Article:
Hack And Hew

A poem by William Bliss Carman

Hack and Hew were the sons of God
In the earlier earth than now;
One at his right hand, one at his left,
To obey as he taught them how.

And Hack was blind and Hew was dumb,
But both had the wild, wild heart;
And God's calm will was their burning will,
And the gist of their toil was art.

They made the moon and the belted stars,
They set the sun to ride;
They loosed the girdle and veil of the sea,
The wind and the purple tide.

Both flower and beast beneath their hands
To beauty and speed outgrew,--
The furious fumbling hand of Hack,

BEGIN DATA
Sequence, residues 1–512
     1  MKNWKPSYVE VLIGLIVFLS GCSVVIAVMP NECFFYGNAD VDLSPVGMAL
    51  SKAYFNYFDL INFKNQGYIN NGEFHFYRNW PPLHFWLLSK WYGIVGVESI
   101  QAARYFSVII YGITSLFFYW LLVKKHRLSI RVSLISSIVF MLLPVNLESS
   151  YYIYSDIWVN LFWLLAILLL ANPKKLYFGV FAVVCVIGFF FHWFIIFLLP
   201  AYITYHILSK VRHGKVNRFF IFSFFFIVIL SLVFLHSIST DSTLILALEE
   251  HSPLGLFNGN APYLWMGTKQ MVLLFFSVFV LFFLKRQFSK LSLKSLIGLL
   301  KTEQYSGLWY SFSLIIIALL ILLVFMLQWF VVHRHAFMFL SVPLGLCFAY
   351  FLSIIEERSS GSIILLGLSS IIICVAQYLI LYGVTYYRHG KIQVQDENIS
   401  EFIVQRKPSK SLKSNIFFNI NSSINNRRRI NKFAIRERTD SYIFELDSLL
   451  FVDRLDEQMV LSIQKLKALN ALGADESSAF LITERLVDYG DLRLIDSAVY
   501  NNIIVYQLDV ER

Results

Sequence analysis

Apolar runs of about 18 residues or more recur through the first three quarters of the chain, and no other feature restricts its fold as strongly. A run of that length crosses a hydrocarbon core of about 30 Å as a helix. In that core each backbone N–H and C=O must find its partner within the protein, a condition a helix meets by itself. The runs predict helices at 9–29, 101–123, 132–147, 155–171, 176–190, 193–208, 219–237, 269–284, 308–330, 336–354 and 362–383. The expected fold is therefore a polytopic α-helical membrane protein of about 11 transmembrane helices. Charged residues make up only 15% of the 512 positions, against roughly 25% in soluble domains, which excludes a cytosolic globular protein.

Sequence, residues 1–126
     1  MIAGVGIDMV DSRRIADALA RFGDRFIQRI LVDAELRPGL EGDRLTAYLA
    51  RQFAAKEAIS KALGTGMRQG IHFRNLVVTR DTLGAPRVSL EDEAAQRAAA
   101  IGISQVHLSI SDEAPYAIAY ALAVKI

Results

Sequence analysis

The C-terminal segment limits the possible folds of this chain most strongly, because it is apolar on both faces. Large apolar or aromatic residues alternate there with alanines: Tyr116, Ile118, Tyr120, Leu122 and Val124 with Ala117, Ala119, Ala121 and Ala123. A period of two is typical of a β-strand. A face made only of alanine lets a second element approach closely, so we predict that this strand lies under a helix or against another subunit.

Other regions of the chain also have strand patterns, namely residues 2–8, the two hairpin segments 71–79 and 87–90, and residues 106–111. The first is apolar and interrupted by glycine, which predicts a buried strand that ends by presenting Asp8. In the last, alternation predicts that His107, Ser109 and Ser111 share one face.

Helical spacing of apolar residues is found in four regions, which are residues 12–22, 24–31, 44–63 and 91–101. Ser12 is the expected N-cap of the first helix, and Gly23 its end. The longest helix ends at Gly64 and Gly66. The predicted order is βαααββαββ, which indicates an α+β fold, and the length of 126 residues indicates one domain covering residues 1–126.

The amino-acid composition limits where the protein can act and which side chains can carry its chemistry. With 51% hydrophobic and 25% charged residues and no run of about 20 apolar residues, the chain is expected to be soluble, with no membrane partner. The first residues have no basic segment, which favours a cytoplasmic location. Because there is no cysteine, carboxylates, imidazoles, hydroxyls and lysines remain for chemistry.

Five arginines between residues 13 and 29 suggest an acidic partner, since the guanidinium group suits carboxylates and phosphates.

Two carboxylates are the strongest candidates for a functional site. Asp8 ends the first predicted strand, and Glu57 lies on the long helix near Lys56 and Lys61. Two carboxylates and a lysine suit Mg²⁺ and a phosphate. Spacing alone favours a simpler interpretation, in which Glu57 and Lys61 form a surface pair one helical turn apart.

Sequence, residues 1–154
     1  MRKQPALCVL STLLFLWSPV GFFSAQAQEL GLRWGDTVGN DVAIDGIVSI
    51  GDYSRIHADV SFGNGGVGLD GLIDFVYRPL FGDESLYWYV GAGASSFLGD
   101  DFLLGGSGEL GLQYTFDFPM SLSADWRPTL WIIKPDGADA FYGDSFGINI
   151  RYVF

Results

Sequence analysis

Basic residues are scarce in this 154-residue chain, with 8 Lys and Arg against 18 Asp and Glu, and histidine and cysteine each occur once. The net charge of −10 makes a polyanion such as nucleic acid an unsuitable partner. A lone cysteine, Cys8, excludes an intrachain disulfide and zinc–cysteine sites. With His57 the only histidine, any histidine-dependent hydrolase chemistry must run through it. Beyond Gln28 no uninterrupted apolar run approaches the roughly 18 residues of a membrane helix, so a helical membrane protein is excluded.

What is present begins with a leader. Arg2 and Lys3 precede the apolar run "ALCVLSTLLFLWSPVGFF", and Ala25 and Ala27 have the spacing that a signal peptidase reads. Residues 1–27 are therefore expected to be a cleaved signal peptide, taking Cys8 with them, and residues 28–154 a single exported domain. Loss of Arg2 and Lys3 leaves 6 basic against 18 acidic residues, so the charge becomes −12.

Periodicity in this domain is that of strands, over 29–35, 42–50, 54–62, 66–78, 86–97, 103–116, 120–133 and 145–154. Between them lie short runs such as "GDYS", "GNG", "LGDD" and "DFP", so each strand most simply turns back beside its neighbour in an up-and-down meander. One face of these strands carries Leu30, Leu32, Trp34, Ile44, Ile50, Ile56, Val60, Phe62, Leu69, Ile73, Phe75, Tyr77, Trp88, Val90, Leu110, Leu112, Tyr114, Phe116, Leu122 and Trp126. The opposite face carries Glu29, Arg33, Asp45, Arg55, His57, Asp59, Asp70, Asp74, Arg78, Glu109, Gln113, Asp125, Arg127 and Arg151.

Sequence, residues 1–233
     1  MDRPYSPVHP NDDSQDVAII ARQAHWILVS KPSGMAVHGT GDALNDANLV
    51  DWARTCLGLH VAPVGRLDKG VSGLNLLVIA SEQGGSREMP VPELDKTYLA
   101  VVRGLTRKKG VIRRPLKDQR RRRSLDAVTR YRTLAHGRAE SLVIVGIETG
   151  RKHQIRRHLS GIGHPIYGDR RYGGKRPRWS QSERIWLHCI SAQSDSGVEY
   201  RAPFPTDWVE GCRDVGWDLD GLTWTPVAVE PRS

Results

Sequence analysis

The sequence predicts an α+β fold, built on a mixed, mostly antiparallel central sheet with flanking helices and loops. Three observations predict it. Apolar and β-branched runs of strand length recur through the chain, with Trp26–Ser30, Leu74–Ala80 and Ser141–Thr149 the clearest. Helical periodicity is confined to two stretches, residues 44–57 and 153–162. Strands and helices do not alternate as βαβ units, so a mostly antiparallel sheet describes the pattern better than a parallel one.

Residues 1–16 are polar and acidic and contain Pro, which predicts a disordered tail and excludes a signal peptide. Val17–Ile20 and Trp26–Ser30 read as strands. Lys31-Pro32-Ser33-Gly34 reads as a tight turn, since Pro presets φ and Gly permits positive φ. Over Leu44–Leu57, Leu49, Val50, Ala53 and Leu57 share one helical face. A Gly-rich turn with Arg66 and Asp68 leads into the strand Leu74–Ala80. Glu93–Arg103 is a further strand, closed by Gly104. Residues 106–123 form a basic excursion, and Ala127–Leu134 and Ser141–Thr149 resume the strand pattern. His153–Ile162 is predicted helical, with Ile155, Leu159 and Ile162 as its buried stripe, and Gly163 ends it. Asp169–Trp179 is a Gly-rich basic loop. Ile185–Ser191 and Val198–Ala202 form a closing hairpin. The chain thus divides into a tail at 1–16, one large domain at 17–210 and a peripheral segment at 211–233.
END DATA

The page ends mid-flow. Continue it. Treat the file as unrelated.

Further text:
And the glorying hand of Hew.

Then, fire and clay, they fashioned a man,
And painted him rosy brown;
And God himself blew hard in his eyes:
"Let them burn till they smoulder down!"

And "There!" said Hack, and "There!" thought Hew,
"We'll rest, for our toil is done."
But "Nay," the Master Workman said,
"For your toil is just begun.

"And ye who served me of old as God
Shall serve me anew as man,
Till I compass the dream that is in my heart,
And perfect the vaster plan."

And still the craftsman over his craft,
In the vague white light of dawn,
With God's calm will for his burning will,
While the mounting day comes on.

Yearning, wind-swift, indolent, wild,
Toils with those shadowy two,--
The faltering restless hand of Hack,
And the tireless hand of Hew.

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